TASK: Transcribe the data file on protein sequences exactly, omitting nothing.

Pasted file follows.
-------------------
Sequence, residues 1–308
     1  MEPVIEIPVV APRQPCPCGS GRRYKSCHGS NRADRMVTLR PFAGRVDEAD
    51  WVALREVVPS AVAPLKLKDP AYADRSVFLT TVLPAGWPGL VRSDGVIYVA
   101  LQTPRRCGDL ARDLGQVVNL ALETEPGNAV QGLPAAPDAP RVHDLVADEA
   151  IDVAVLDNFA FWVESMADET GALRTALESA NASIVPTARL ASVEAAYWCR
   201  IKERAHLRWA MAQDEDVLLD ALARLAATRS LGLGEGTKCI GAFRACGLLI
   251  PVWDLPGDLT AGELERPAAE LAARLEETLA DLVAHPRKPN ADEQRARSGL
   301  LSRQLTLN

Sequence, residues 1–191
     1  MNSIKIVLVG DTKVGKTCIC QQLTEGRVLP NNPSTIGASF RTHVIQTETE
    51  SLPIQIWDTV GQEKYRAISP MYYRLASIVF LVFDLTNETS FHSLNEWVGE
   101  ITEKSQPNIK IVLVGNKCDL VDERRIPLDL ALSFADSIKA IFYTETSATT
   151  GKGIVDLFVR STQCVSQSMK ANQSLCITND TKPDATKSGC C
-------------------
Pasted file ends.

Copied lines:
Sequence, residues 1–308
     1  MEPVIEIPVV APRQPCPCGS GRRYKSCHGS NRADRMVTLR PFAGRVDEAD
    51  WVALREVVPS AVAPLKLKDP AYADRSVFLT TVLPAGWPGL VRSDGVIYVA
   101  LQTPRRCGDL ARDLGQVVNL ALETEPGNAV QGLPAAPDAP RVHDLVADEA
   151  IDVAVLDNFA FWVESMADET GALRTALESA NASIVPTARL ASVEAAYWCR
   201  IKERAHLRWA MAQDEDVLLD ALARLAATRS LGLGEGTKCI GAFRACGLLI
   251  PVWDLPGDLT AGELERPAAE LAARLEETLA DLVAHPRKPN ADEQRARSGL
   301  LSRQLTLN

Sequence, residues 1–191
     1  MNSIKIVLVG DTKVGKTCIC QQLTEGRVLP NNPSTIGASF RTHVIQTETE
    51  SLPIQIWDTV GQEKYRAISP MYYRLASIVF LVFDLTNETS FHSLNEWVGE
   101  ITEKSQPNIK IVLVGNKCDL VDERRIPLDL ALSFADSIKA IFYTETSATT
   151  GKGIVDLFVR STQCVSQSMK ANQSLCITND TKPDATKSGC C